To learn more about 3MJC and discover all the ways that you can participate based on your skills and schedule, visit 3mjc.org or call Jennings Environmental Education Center at (724) 794-6011. The group holds regular meetings on the third Wednesday of every month at 7 p.m. at Jennings Environmental Education Center in Slippery Rock.
Some of the projects that 3MJC have been actively involved in:
A renovation of McConnells Mill by constructing wooden gear teeth required for the mill to run. Two full sets of teeth were built and installed. Each tooth is made of hard maple and required 34 different saw setups to manufacture.
The Moraine Native Plant Restoration Area across Pleasant Valley Road from the park office. About two acres that were covered by cool season grasses and invasive species such as multiflora rose, garlic mustard and autumn olive are being replanted with a mix of native wildflowers and warm season grasses.
The Moraine State Park Boundary Project is allowing 3MJC to work in cooperation with local geocaching and metal detecting clubs to accurately locate all of the park’s boundary corners. With the aide of their GPS units, volunteers went into the woods and fields to search for exact coordinates and the markers that designate the park’s corner points. During Boundary Project days held in 2007 and 2010, almost every corner point was located and several areas of concern were noted. This project now serves as a model for parks statewide in locating their boundaries.
3MJC wrote a Pennsylvania Department of Health “Get Active!” grant to secure the floating kayak dock at McDanel’s Launch in Moraine State Park.
Butler resident pens book on history of Moraine State Park
Butler County resident Polly Shaw has published a book on the illustrious history of Moraine State Park and its surroundings. Moraine State Park is part of the Images of America series by Arcadia Publishing. It details the 20,000-year backstory of the once “Wisconsinian glaciation” and how glacial deposits identify what is called the “moraine,” or the farthest area covered by the glacier.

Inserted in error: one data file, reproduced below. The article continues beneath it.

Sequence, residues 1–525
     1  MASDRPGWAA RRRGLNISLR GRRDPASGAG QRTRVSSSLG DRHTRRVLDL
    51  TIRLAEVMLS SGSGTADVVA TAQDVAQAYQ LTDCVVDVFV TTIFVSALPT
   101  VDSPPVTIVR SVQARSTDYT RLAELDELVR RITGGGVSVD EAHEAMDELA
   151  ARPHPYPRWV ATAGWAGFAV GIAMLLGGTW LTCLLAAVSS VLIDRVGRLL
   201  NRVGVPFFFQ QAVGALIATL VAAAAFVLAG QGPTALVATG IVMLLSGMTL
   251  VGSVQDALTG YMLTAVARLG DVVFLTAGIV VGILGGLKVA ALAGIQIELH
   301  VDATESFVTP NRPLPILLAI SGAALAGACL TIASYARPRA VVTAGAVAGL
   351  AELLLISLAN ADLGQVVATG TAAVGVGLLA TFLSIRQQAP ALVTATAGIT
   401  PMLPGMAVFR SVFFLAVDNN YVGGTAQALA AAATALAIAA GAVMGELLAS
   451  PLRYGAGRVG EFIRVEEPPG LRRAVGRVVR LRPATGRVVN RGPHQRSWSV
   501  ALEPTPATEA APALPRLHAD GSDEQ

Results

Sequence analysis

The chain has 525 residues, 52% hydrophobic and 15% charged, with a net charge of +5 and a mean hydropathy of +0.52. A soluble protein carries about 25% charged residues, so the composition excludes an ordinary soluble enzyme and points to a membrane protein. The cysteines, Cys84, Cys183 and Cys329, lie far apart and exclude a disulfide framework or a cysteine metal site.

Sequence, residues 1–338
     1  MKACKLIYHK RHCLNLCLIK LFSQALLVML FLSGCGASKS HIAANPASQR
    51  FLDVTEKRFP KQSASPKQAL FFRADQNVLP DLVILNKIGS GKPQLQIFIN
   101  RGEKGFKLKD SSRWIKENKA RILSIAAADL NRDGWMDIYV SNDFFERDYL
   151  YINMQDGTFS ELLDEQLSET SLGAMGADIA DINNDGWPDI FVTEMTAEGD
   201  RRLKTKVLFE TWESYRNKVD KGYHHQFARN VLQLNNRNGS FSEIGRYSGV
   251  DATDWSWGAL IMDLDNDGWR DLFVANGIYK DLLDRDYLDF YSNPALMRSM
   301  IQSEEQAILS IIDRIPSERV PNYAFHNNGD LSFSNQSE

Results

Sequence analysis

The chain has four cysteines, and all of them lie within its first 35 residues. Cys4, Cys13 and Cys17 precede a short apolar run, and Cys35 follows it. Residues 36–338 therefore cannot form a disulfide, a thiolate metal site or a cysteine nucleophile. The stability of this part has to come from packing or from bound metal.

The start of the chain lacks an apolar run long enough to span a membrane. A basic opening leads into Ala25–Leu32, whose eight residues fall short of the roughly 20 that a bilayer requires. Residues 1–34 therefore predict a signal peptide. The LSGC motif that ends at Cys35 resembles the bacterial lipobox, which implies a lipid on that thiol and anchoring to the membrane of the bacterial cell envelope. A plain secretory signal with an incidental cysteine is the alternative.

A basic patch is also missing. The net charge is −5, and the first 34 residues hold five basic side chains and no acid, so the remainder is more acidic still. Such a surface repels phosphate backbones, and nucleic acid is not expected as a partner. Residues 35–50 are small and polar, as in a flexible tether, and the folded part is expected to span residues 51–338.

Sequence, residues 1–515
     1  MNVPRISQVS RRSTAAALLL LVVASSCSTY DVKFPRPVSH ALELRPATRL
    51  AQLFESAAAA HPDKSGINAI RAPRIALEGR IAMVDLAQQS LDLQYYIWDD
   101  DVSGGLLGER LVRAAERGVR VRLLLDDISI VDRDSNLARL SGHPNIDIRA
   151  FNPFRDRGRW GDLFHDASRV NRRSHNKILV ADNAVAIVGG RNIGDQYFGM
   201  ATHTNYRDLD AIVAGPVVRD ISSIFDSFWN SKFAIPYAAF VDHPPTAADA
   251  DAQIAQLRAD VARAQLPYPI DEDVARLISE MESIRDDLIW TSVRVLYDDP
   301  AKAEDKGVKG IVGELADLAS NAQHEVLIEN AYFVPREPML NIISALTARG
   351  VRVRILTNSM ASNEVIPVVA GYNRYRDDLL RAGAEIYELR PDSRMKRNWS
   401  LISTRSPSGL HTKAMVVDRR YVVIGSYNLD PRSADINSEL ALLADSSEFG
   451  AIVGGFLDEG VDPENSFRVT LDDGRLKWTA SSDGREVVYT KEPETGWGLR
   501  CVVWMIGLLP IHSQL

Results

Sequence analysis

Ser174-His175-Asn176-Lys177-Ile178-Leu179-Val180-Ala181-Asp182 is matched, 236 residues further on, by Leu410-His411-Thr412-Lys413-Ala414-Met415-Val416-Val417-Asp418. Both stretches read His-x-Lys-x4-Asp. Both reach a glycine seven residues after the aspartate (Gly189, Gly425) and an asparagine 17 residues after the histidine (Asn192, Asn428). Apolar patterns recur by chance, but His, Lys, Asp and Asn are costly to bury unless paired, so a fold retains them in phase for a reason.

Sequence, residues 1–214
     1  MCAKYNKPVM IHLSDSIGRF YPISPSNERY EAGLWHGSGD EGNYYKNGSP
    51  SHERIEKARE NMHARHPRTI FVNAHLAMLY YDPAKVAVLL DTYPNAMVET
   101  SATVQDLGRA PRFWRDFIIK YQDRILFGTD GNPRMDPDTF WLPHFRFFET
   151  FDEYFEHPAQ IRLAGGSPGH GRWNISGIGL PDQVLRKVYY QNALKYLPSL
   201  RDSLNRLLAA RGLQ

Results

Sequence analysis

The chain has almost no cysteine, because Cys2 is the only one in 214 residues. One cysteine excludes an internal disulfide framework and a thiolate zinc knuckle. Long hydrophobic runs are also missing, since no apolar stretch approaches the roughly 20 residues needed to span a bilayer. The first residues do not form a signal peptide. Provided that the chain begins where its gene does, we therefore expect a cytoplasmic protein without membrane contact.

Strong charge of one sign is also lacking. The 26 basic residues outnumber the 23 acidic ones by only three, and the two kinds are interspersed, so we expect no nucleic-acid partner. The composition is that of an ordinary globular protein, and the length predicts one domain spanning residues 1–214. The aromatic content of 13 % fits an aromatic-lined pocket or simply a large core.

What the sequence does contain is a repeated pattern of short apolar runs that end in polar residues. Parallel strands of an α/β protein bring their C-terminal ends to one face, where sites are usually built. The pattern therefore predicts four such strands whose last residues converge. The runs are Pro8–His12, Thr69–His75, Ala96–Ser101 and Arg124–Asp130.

A retired teacher, history enthusiast and longtime state park volunteer, Polly recounts the impressive reclamation of the land that had been ravaged by mining and oil, and the monumental work that transformed it into Moraine State Park—including the construction of a dam, moving a US highway and repurposing the surrounding area.
Geographically, Muddy Creek was once a north-flowing stream blocked by a south-advancing glacier, which formed a huge lake that lasted until the glacier dam began to retreat. The lake rapidly drained, eventually exposing the vast Muddy Creek basin. In the 1960s, Butler resident Dr. Frank Preston, an engineer, ecologist and conservationist, had a vision to recreate the ancient glacial lake. He worked with (and helped to form) the Western Pennsylvania Conservancy to reclaim the land, seal the mines, cap the oil and gas wells, backfill the stripped land and create the 16,725-acre Moraine State Park. The park opened to the public in 1970. Its centerpiece, manmade Lake Arthur, has since been an attraction for anyone who enjoys outdoor recreation and relaxation.
Polly is a member of 3MJC. Her book can be purchased at various local stores, including the Owlet Gift Shop at Moraine and the Nature Shop at Jennings; or online at Amazon.com.
By Gina Mazza For Butler County Senior News
Featured photo caption: Deborah Sale and Nancy Nalepa from the nonprofit 3MJC work on landscaping our local state parks.
Photos provided by Deborah Sale for Butler County Senior News